Modifications to Alice's appearance came quickly, and under the supervision of Carroll. By the time Through the Looking-Glass was published, just six years later, Alice has already been restyled. Her very full skirt becomes much narrower, flounces are added to her pinafore and a decorative feature is added to the waistband. It is only at this point that she gains the striped stockings and the hairband which takes her name.

Although they have received very little critical attention since, a whole raft of totally new visions of Alice were produced in the 19th century. Dutch, Danish and especially American editions offered their own Alices, which often departed dramatically from the Tenniel original: Alice with top knots, fringes and curls; Alice as a brunette and a redhead; Alice with long sleeves and stripes, elaborate ruff collars and cuffs; in a full-length orange dress with a black pinafore; or – frequently, Alice with no pinafore at all.

Some Victorian Alices were shown in a blue dress, but the first authorised colour edition of an Alice book saw her wearing yellow (with, blue trim to be sure), while pink and red were also common in many editions. A generally pale palette prevails in the 1907 editions. So in terms of colour scheme and general silhouette, Alice's image was, it's safe to say, yet to be fixed.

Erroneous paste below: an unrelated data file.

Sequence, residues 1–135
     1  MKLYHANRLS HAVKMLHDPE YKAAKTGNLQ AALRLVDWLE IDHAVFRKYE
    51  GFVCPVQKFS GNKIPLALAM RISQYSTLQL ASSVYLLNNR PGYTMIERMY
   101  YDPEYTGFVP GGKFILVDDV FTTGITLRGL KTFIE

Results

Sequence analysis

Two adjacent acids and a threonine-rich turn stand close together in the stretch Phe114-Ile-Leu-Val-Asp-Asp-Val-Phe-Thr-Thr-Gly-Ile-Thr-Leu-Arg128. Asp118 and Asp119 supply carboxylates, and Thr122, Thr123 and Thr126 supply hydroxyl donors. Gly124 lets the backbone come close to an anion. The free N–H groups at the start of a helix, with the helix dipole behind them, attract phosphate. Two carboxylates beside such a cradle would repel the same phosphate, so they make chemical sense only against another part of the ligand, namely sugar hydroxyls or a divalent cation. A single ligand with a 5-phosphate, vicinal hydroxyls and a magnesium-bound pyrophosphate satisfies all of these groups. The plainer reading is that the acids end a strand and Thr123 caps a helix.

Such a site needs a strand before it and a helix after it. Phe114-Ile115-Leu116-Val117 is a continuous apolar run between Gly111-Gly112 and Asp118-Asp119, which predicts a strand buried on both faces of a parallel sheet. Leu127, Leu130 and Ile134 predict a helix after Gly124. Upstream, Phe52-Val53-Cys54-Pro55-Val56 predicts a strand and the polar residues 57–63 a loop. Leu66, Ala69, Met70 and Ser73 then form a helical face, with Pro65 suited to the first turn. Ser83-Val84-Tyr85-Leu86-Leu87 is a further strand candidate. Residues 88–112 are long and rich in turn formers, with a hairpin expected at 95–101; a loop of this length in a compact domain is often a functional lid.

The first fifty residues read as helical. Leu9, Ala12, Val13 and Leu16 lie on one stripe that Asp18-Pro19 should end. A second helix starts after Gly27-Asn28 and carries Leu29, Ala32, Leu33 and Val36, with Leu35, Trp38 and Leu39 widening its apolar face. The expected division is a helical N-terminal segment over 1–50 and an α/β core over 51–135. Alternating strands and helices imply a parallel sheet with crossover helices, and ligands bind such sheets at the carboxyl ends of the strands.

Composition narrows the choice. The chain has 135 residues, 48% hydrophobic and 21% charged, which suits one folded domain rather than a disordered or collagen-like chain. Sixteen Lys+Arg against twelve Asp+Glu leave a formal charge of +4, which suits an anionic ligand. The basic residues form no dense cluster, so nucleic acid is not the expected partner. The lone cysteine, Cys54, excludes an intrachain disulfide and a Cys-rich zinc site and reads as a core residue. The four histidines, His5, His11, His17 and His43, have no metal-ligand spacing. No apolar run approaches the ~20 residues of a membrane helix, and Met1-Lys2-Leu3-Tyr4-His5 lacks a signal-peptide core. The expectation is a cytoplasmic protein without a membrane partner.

The process of dressing up as Alice, which began during Carroll's lifetime, tells much the same story. Professional and amateur performances of the Alice books took place across the world in the 19th century. Although reviews frequently mentioned the proximity between Tenniel's illustrations and the costumes, it's surprising the extent to which this doesn't apply to Alice herself, and how each production presents a new Alice look.

In the first professional production in 1886, for instance, Phoebe Carlo wore a high-necked, long-sleeved and fur-rimmed dress with no sign of a pinafore. Only the simple, single-strapped black shoes are recognisable to us as Alice-esque. Such differences between Alice on the page and on the stage did not go unremarked: one beady-eyed seven-year-old wrote disparagingly of the lack of pockets in Ellaline Terriss' costume in a 1900 production.

Disney's 1951 Alice marks a triumphant return to Tenniel. The full skirted, neat waisted Victorian silhouette was easily absorbed into, and very much in tune with, the post-war "New Look" styles. This Alice, based on drawings by Mary Blair, must be the single most influential post-Tenniel rendering of Alice, if not of all time. It's the one which has done the most to fix her image, to wed her firmly to a blue dress and white pinafore, to blonde hair and black shoes.